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  3. 1st Unit : 4th Meeting of Study Group Series “Views of Humanity and the World in the Meiji Period”

1st Unit : 4th Meeting of Study Group Series “Views of Humanity and the World in the Meiji Period”

"The Meiji Period and Natural Disasters"





  On October 8, 2014, Ideno Naoki (IRCP Visiting Researcher) was welcomed and a 1st Unit of IRCP seminar entitled “The Meiji Period and Natural Disasters was held at the Toyo University Hakusan Campus (Building 8, Conference Room2). This seminar was the fourth installment of a meeting of study group series based on the theme of views of humanity and the world in the Meiji period.

  Through this presentation, a report on human perspectives and outlooks on nature during the Meiji period from the standpoint of natural disasters was given. In particular, an attempt was made to highlight outlooks on nature during the Meiji period by matching the extent of damage sustained due to earthquakes, flooding, volcanic eruptions, and other natural disasters occurring during the Meiji and Taisho years with the records kept by prominent persons of the time in connection with such disasters. However, many records concerning natural disasters during the Meiji period consisted only of accounts of personal experiences, such that big-picture references to nature and outlooks on nature were essentially few and far between.

  The first topic covered was Shibusawa Eiichi’s theory of divine punishment. Shibusawa regarded disasters as punishments visited upon a society stripped of the rectitude of the last days of shogunate rule. This opinion was widely shared by many people who had experienced the Meiji Restoration. In contrast, Akutagawa Ryūnosuke argued that it was unfair for ordinary citizens who are unable to wield political or economic influence to suffer harm. For Akutagawa’s generation, Shibusawa’s argument felt antiquated for its adherence to Confucian ethics.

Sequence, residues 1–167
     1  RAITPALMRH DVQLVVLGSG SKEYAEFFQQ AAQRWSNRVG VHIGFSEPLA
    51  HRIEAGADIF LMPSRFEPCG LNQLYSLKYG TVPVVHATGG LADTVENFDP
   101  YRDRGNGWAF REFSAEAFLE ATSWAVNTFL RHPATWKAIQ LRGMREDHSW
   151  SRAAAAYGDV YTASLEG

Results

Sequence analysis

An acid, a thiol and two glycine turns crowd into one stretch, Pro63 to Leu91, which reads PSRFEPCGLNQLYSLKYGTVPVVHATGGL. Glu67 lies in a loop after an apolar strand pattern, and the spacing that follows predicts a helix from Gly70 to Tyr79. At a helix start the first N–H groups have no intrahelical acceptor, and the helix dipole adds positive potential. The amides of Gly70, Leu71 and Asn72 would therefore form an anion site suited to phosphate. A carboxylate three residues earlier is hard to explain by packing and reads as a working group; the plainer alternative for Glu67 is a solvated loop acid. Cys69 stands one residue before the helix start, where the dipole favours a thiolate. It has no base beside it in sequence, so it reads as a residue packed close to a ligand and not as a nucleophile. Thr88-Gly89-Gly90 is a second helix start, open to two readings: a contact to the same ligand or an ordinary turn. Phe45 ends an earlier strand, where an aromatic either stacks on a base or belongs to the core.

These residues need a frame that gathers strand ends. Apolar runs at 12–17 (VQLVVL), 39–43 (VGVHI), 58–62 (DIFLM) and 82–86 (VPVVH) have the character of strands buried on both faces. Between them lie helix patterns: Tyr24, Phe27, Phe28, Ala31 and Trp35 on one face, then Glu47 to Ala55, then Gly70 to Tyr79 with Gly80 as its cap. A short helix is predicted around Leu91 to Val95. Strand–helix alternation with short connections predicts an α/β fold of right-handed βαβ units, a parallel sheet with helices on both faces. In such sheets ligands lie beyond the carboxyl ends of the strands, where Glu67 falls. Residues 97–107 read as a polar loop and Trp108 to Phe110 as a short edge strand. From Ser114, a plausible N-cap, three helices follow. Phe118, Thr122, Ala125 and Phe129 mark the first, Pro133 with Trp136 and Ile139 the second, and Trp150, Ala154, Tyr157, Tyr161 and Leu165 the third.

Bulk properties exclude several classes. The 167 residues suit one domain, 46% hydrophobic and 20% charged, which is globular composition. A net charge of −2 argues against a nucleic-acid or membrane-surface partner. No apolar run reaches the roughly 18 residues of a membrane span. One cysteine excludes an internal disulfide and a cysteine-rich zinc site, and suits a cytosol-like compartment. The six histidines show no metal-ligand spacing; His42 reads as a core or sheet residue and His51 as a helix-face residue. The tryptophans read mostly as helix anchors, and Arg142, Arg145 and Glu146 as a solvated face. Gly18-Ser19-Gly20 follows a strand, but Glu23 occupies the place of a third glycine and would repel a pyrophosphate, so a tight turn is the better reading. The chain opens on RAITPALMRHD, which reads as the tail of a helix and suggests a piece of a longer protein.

Next, the journals of Tanizaki Jun'ichirō and Higuchi Ichiyō were studied and the records of the Sanriku tsunami appearing in Inoue Enryō’s lecture tour journals were discussed. In Enryō’s lecture tour journals—which only set about facts in a straightforward manner, coverage of the tsunami disaster in particular allows us to infer that the tsunami disaster left a strong impression on Enryō. Finally, the essays of Terada Torahiko were introduced. Terada Torahiko argued that repeated disasters shaped the worldview held by the Japanese people.

  During the Meiji period, Western ideas were received in Japan. However, the Western outlook on nature—which pitted man against the natural world—was not. If anything, the traditional Buddhist outlook on nature, which appeared to anthropomorphize nature, was dominant. Thus, this seminar successfully managed to bring the contours of Japanese people’s outlook on nature during the Meiji period into sharp relief.2